The Konso cluster of small intrusions consists of peralkaline quartz trachytes, a photomicrograph of a sample of which (Davidson, 1983, Fig. 69) shows sanidine laths enclosed poikilitically in aegirine.
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The fullest general account of the geology of Ethiopia is the three volume work of Dainelli (1943) but Mohr's (1962a) description takes account of much later work. The country can be divided into four distinct geological areas namely, the Afar Depression, the Main Ethiopian Rift and the northwest and southeast plateaux. The Afar Depression (Triangle), which extends northwards and eastwards into Eritrea and Djibouti, is the heavily faulted area in which the East African Rift system forms a junction with the rifts of the Red Sea and Gulf of Aden. Afar consists overwhelmingly of volcanic rocks including plateau lavas, which are mainly tholeiitic, and numerous central volcanoes of varying degrees of alkalinity such as the Erta Ale Range in the Danakil Depression. Because of the essential continuity of the volcanic rocks in Afar and because a high proportion are not alkaline yet intimately involved with alkaline rocks, difficulty has been found in writing the present accounts. However, the 1:2,000,000 geological map of Merla et al. (1979) and the very detailed maps of Varet (1978) for central and southern Afar and Barberi et al. (1973b) for northern Afar have enabled the main occurrences involving alkaline rocks to be delimited. A general account of the volcanism of Afar and its relationship to tectonics is that of Barberi et al. (1972b). The Main Ethiopian Rift extends southwestwards from Afar and is a focus for numerous volcanoes many containing alkaline, particularly peralkaline silica oversaturated, rocks. The volcanoes of the rift are depicted on a map in Di Paola (1973). The Main Ethiopian Rift does not align exactly with the Gregory Rift, to the south in Kenya, but the Gregory Rift continues into southern Ethiopia north of Lake Turkana and is again intimately associated with voluminous volcanic rocks. Apart from the small Korath Range, however, there is little detailed information on these rocks. A useful review of the rift structure and its relationship to magmatism is that of Brotzu et al. (1986), while Berhe et al. (1987) put the igneous activity in a structural and geochronological context.
Volcanoes are also scattered over the northwestern and southeastern plateaux areas of Ethiopia, notably in a line running westwards from the Main Ethiopian Rift in the vicinity of Addis Ababa and in the area between the Tana Rift and the Afar depression. There are, however, enormous areas of plateau volcanics that erupted mainly from fissures and these cover more than half the country. Most of the plateau volcanic rocks, called the 'Trap series' in earlier papers, are not alkaline; they have been described notably by Zanettin and co-workers (e.g. Zanettin et al., 1980 and papers cited therein). Alkaline rocks are more abundant in the central volcanoes but detailed accounts of all of these have not been found. Mohr (1970) has compiled 322 rock analyses, and includes brief petrographic notes. A comprehensive report on the geothermal resources of Ethiopia covers many of the localities included in this account (Lloyd, 1973). This report also includes a useful annex on Ethiopian place names and their variants.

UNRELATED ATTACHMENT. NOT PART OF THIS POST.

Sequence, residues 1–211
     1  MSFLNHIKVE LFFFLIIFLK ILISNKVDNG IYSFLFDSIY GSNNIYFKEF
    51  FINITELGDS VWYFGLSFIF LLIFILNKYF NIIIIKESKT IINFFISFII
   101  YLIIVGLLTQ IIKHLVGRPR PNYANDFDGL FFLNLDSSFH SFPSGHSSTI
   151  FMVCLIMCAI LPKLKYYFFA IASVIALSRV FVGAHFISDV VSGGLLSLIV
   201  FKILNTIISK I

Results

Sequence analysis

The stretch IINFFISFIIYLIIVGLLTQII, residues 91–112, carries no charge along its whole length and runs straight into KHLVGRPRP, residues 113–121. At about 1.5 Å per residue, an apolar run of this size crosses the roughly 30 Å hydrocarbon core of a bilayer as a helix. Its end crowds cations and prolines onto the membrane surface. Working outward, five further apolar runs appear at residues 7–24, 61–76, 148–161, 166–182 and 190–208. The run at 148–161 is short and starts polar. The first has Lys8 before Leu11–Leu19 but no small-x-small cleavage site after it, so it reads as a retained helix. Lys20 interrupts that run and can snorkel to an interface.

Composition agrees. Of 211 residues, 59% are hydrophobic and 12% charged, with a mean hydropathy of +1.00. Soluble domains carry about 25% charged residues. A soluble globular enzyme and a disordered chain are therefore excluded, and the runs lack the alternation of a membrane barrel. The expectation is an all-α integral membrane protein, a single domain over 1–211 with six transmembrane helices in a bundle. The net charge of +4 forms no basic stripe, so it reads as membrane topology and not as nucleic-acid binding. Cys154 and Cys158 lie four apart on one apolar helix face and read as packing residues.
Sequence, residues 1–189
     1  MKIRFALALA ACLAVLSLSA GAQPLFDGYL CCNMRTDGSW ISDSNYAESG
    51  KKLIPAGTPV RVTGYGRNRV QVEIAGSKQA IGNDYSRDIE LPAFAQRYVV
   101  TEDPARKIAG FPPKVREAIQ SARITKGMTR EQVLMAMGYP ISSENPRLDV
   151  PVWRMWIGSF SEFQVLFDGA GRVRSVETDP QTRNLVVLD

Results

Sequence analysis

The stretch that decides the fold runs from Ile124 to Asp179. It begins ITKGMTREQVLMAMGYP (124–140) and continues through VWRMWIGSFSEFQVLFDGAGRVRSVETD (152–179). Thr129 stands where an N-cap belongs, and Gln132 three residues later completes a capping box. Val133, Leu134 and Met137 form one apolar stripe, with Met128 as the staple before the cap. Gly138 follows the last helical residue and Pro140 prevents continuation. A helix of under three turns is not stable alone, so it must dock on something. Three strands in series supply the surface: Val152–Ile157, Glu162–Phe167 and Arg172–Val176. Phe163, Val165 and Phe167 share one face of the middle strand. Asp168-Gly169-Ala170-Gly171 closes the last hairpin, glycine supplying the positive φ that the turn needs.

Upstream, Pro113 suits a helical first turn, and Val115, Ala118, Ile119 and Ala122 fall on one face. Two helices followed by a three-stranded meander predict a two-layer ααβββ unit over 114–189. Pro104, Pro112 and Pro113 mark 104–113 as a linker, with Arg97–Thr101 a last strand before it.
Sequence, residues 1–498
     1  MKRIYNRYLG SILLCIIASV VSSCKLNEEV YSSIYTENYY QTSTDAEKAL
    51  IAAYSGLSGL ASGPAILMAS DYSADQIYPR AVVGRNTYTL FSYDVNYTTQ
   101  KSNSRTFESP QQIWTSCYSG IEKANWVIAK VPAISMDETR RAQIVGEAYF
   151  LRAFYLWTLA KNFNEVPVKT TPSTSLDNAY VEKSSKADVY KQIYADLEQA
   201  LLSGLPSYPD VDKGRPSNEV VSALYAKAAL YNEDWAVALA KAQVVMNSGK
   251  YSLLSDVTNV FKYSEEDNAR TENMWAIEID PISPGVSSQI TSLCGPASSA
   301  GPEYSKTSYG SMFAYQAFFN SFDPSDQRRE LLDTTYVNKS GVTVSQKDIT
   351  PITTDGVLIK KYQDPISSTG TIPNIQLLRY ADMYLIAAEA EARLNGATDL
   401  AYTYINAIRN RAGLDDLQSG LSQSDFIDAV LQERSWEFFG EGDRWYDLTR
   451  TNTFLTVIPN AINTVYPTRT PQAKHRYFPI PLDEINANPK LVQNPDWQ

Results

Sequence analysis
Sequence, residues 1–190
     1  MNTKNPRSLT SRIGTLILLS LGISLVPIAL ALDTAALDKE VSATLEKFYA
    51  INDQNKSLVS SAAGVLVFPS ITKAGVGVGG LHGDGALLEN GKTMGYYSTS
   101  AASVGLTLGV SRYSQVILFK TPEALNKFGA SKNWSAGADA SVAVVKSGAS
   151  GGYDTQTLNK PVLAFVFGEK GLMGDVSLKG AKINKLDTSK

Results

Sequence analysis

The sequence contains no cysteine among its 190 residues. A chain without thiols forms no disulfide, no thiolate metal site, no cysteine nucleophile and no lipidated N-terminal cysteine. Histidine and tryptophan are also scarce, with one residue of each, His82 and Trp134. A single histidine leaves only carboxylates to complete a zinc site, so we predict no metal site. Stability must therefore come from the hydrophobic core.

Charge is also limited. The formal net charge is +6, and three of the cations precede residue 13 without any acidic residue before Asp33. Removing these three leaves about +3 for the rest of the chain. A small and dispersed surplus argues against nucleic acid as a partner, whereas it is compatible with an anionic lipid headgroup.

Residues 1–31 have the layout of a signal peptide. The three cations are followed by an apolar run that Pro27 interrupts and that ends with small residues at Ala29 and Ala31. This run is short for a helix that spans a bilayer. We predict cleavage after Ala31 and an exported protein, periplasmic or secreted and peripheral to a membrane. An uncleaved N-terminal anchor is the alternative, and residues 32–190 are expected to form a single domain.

At Mt Fulli, near Yavello, Mohr (1962a) has noted the presence of aegirine-bearing syenite associated with biotite granite.
Near Karsa two isolated outcrops of lava occur that consist of large sodic feldspar phenocrysts and rather fewer of aegirine in a matrix of alkali feldspar, aegirine, amphibole and nepheline.
Le Bas and Mohr (1968) and Mohr (1962a) report the presence of trachytes, nephelinite, melilite basalt, tinguaite and aenigmatite-bearing phonolites in the upper Webi Valley.
Le Bas and Mohr (1968) describe melanephelinite and tinguaite, collected by Sowerbutts, from immediately north of the Batu Mountains. On the 1:2,000,000 geological map (Merla et al., 1979) Batu is shown as a large (60x40 km) volcanic centre.
In the Dawa Parma valley Mohr (1962a) reports the occurrence of aegirine-bearing syenite associated with biotite granite.
The cone of Salale rises to about 800 m and has a shallow crater. Rocks collected on the northeastern flanks proved to be melanephelinite (Le Bas and Mohr, 1968).
Wachacha is a well preserved volcanic dome of some 100 km2 centred about 20 km west-southwest of Addis Ababa. The volcano consists of trachytic flows, tuffs, breccias and possible plugs. The trachytes are probably peralkaline.
Mohr (1962a) records the presence of olivine trachytes, phonolitic trachytes, hyalotrachytes, alkaline rhyolites, tuffs and obsidian breccias in the Entotto Hills north of Addis Ababa.
This is a complex rhyolitic volcano overlying older basaltic flows. The rhyolites form a thick sequence of short flows towards the centre. No petrographical or chemical data have been traced but there may be alkaline rocks in the sequence.